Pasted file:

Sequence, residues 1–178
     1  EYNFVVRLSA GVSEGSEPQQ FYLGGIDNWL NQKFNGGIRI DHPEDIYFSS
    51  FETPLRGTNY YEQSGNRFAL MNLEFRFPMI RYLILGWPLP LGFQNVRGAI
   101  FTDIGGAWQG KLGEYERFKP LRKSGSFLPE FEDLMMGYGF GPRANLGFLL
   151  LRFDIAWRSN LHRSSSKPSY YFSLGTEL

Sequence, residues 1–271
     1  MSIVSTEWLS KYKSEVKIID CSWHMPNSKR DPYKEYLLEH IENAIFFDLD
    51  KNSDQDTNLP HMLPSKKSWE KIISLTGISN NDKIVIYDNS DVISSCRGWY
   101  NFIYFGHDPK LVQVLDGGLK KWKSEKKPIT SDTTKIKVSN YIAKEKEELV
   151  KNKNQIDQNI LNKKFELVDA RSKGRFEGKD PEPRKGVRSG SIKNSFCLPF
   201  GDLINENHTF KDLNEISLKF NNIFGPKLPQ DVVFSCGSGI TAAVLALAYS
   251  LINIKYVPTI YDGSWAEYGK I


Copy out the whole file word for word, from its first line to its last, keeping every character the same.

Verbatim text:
Sequence, residues 1–178
     1  EYNFVVRLSA GVSEGSEPQQ FYLGGIDNWL NQKFNGGIRI DHPEDIYFSS
    51  FETPLRGTNY YEQSGNRFAL MNLEFRFPMI RYLILGWPLP LGFQNVRGAI
   101  FTDIGGAWQG KLGEYERFKP LRKSGSFLPE FEDLMMGYGF GPRANLGFLL
   151  LRFDIAWRSN LHRSSSKPSY YFSLGTEL

Sequence, residues 1–271
     1  MSIVSTEWLS KYKSEVKIID CSWHMPNSKR DPYKEYLLEH IENAIFFDLD
    51  KNSDQDTNLP HMLPSKKSWE KIISLTGISN NDKIVIYDNS DVISSCRGWY
   101  NFIYFGHDPK LVQVLDGGLK KWKSEKKPIT SDTTKIKVSN YIAKEKEELV
   151  KNKNQIDQNI LNKKFELVDA RSKGRFEGKD PEPRKGVRSG SIKNSFCLPF
   201  GDLINENHTF KDLNEISLKF NNIFGPKLPQ DVVFSCGSGI TAAVLALAYS
   251  LINIKYVPTI YDGSWAEYGK I